Any amenity kits? Were the headphones noise cancelling? Did the bathrooms get cleaned during flight? What programming was offered in the IFE?

    Dankie. Ngiyathokoza!

    • Comment 325017 by
      hometoyyz BRONZE AUTHOR 542 Comments

      Thanks for the feedback.

      The lounge-hopping wasn't too exhausting. Kinda fun since I hadn't been to any but the SA-operated lounge before. All three lounges have showers, although I did not partake, as I had slept in in Sandton, and had a shower before hopping the Gautrain back to JNB.

      To answer your questions:

      - Yes, there was an amenity kit. It's featured a bit in my report on the flight from LHR to JNB, linked above. Should have at least mentioned it here, though.
      - The earphones provided are noise-cancelling, but not great. Noise-cancelling enough that I kept them on while sleeping to help keep the noise down, put it that way.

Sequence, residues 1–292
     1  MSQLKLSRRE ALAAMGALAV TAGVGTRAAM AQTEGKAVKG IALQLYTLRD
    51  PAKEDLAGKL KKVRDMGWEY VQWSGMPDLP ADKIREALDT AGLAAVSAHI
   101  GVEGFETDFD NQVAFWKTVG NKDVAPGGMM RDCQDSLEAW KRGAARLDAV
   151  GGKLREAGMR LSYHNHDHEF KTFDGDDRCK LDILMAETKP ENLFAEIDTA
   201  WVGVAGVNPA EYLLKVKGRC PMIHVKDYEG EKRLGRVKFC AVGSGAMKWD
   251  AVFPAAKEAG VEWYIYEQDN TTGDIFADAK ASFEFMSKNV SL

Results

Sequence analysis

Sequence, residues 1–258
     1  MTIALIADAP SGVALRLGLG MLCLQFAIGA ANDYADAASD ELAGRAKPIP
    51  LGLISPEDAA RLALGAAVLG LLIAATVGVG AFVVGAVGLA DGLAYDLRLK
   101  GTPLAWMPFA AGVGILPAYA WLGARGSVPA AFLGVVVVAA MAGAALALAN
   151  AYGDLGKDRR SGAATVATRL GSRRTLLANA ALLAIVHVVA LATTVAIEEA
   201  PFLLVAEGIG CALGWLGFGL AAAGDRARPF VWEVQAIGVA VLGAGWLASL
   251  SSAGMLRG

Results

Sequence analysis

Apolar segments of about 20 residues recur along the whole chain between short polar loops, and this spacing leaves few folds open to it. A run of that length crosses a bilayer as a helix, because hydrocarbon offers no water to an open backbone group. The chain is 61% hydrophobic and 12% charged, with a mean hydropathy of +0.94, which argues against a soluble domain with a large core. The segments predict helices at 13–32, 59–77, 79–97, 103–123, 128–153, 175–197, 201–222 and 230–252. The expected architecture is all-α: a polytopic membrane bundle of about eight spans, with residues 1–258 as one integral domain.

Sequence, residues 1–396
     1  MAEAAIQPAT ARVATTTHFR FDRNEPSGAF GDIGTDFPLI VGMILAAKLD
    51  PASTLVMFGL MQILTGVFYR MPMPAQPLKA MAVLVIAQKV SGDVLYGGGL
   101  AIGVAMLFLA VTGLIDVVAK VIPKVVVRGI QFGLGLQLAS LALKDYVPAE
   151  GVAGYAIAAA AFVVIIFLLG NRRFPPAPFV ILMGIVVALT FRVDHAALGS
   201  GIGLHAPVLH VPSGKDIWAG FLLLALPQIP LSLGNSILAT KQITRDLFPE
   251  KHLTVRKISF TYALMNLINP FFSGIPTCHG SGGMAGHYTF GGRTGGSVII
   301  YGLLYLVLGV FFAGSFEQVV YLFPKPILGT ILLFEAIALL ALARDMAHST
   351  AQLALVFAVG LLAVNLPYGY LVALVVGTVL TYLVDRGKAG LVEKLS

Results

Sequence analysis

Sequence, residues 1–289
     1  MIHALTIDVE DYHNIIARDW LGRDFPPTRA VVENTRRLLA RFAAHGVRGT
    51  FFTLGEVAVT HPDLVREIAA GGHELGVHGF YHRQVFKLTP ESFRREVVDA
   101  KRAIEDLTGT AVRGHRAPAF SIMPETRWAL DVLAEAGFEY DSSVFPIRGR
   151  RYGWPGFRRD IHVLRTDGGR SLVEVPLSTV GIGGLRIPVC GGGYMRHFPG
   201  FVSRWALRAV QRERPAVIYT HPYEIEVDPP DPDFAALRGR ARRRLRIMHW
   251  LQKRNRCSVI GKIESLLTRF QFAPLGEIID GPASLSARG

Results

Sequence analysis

- I didn't see the lavs being cleaned personally, but they were still decently tidy on my last visit pre-arrival, so I presume some care was taken with them. The J lavs on SA never seem to get as dirty as they frequently do in AC J.
      - IFE was decent... of the flip-out variety which isn't great. SA has about the usual run of Hollywood fare... I found it had about the same offering there as AC. They seem to have a greater variety of international films, particularly Asian, although not a lot of African films. Over on the TV side, though, there's usually some good documentaries on South African history and the like, and the travel channel on TV features destination films on many of SA's major destinations that, while a little propogandistic, do provide a decent overview.

  • Comment 146445 by
    SKYTEAMCHC GOLD 9199 Comments

    Thanks for sharing this report. I must admit I would not have had the will to do such a complete lounge hopping as I love to seat back relax and enjoy the comfort of a lounge. You did it and thanks as it allows us to have a very good idea of the different offers.